Safety and Efficacy Study for Reverse Flow Used During Carotid Artery Stenting Procedure
The purpose of this study is to evaluate the safety and effectiveness of the MICHI™ Neuroprotection System with Filter (MICHI™ NPS+f) in providing cerebral embolic protection during carotid artery stenting. It will be used in conjunction with a FDA approved carotid artery stent for the treatment of carotid artery disease.
|Study Design:||Endpoint Classification: Safety/Efficacy Study
Intervention Model: Single Group Assignment
Masking: Open Label
Primary Purpose: Prevention
|Official Title:||INVESTIGATION of FLOW ALTERED, SHORT TRANSCERVICAL CAROTID ARTERY STENTING in PATIENTS With SIGNIFICANT CAROTID ARTERY DISEASE With Filter.|
- Stroke, Myocardial Infarction, and Death [ Time Frame: 30 days post procedure ] [ Designated as safety issue: Yes ]The primary endpoint for overall evaluation of the study is a composite endpoint consisting of the first occurrence of any of the following major adverse events within 30 days.
- Technical Success [ Time Frame: 0 to 30 days ] [ Designated as safety issue: No ]The analyses to be conducted on the secondary endpoints are intended to provide additional supportive evidence of the efficacy and safety of the device.
- Acute Device Success [ Time Frame: 0 to 30 days ] [ Designated as safety issue: No ]The analyses to be conducted on the secondary endpoints are intended to provide additional supportive evidence of the efficacy and safety of the device.
- Procedural Success [ Time Frame: 0 to 30 days ] [ Designated as safety issue: No ]The analyses to be conducted on the secondary endpoints are intended to provide additional supportive evidence of the efficacy and safety of the device.
- Access Site Complications [ Time Frame: 0 to 30 days ] [ Designated as safety issue: No ]
- Contrast Usage [ Time Frame: 0 to 30 days ] [ Designated as safety issue: No ]
|Study Start Date:||November 2012|
|Estimated Study Completion Date:||January 2015|
|Estimated Primary Completion Date:||December 2014 (Final data collection date for primary outcome measure)|
Experimental: MICHI NPS+f
The MICHI™ NPS+f is a flow reversal circuit consisting of two proprietary sheaths connected by standard surgical tubing. The sheaths each have a standard hemostasis valve and sidearm. An in-line flow regulator allows the clinician to modify to the flow through the circuit (either high flow or low flow) in addition to permitting temporary cessation of flow.
Device: MICHI NPS+f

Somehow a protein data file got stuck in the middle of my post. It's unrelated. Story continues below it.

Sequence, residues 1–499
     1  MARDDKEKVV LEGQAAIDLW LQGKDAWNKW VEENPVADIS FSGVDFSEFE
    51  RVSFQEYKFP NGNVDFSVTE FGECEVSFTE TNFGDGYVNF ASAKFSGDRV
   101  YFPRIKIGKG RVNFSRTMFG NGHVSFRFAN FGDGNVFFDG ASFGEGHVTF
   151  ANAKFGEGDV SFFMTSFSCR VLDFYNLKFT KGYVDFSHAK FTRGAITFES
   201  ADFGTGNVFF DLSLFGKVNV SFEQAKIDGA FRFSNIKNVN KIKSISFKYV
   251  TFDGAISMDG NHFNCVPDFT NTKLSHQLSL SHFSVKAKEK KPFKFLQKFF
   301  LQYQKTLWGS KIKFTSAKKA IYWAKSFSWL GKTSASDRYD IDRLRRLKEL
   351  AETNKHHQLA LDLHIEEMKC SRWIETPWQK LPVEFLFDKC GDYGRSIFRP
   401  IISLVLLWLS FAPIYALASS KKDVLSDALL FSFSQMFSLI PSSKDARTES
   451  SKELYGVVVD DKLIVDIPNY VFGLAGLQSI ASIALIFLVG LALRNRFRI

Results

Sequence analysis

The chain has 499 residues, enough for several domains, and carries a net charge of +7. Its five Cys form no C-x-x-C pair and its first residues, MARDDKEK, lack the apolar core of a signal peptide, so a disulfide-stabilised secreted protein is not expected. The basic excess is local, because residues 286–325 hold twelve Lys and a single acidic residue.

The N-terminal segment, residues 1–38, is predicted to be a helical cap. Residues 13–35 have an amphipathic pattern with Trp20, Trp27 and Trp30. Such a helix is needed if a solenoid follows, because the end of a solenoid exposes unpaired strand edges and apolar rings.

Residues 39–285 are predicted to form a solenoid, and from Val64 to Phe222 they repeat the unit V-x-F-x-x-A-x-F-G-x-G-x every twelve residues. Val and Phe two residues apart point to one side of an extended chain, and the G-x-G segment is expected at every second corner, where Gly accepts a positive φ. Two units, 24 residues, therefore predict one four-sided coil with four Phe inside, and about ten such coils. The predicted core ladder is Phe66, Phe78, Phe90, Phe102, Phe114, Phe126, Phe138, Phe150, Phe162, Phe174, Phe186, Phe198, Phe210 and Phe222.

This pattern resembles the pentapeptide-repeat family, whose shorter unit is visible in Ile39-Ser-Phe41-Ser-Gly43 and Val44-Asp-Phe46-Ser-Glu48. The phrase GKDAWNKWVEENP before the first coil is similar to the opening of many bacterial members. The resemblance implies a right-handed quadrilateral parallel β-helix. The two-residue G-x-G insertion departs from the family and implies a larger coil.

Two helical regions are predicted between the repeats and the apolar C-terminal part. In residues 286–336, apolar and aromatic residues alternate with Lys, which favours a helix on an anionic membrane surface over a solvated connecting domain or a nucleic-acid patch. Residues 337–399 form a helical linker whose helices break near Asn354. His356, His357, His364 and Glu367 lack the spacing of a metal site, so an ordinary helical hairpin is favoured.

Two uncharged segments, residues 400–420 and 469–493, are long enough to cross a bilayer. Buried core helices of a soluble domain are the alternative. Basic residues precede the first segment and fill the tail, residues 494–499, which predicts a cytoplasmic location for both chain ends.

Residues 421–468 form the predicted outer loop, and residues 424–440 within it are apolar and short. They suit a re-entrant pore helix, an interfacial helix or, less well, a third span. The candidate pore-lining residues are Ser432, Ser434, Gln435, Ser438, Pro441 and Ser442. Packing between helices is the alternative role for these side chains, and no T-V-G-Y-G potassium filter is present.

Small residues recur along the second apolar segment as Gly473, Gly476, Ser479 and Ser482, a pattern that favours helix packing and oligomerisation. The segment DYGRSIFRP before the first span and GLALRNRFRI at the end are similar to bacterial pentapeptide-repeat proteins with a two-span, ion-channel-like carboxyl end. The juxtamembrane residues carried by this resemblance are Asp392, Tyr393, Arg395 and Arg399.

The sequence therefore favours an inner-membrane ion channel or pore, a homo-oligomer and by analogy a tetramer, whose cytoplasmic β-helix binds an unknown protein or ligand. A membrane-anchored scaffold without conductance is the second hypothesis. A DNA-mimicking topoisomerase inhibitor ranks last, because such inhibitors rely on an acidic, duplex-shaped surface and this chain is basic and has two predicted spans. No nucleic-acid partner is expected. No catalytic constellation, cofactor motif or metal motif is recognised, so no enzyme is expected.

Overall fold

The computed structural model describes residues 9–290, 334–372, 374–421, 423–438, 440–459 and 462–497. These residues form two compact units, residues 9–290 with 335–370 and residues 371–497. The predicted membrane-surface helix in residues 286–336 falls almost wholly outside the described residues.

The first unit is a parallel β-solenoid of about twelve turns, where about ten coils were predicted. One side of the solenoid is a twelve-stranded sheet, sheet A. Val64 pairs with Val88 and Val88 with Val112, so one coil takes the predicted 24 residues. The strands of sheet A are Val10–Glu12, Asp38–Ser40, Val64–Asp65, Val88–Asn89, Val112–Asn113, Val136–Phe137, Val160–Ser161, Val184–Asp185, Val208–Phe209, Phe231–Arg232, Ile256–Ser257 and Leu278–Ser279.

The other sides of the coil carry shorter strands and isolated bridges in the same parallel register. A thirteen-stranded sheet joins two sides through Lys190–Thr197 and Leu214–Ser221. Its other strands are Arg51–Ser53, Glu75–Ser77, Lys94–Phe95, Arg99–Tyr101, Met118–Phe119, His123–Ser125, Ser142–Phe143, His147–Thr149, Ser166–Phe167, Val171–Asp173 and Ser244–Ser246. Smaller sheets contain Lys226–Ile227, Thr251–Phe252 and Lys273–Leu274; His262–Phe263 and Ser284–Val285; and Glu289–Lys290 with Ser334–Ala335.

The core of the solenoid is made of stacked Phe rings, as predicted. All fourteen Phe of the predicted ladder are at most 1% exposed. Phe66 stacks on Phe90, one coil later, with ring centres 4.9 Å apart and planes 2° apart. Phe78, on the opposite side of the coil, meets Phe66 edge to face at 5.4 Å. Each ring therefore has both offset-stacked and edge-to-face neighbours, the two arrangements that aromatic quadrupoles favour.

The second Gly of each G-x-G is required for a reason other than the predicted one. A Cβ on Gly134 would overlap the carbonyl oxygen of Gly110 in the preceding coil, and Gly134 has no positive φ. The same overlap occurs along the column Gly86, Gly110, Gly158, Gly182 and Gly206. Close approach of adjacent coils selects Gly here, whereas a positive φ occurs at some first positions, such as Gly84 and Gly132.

Cerebral protection with carotid flow reversal
Other Name: MICHI NPS+f
Cerebral embolization during carotid artery stenting (CAS) can often precipitate severe adverse neurological effects. Most major clinical studies of CAS have used distal filters for cerebral protection and have compared the neurologic complication rates with those of carotid endarterectomy (CEA). Many currently available embolic protection devices, however, have limited efficacy in capturing microembolic debris that is liberated during stenting, pre-dilatation and post-dilatation. Distal protection systems are furthermore limited by the need to cross the lesion prior to deployment. Some studies have shown a relatively high incidence of cerebral infarction even when distal protection devices are employed.
Cerebral protection with carotid flow reversal is a method that was developed as an alternative to the use of distal protection devices. While novel in its approach, this method too has its limitations. Another technique developed employs carotid flow reversal prior to traversing the stenosis and can be accomplished by directly accessing the carotid anatomy without the use of the transfemoral approach. Major benefits to this method include a simpler route to the target lesion and the ability to perform the procedure on patients with severe carotid tortuosity and difficult aortic arch anatomy.
|United States, Massachusetts|
|Massachusetts General Hospital||Recruiting|
|Boston, Massachusetts, United States, 02114|
|Contact: Jennifer Finn, RN 617-726-4957 email@example.com|
|Principal Investigator: Christopher Kwolek, MD|
|Principal Investigator:||Christopher Kwolek, MD||Massachusetts General Hospital|
|Principal Investigator:||Richard Cambria, MD||Massachusetts General Hospital|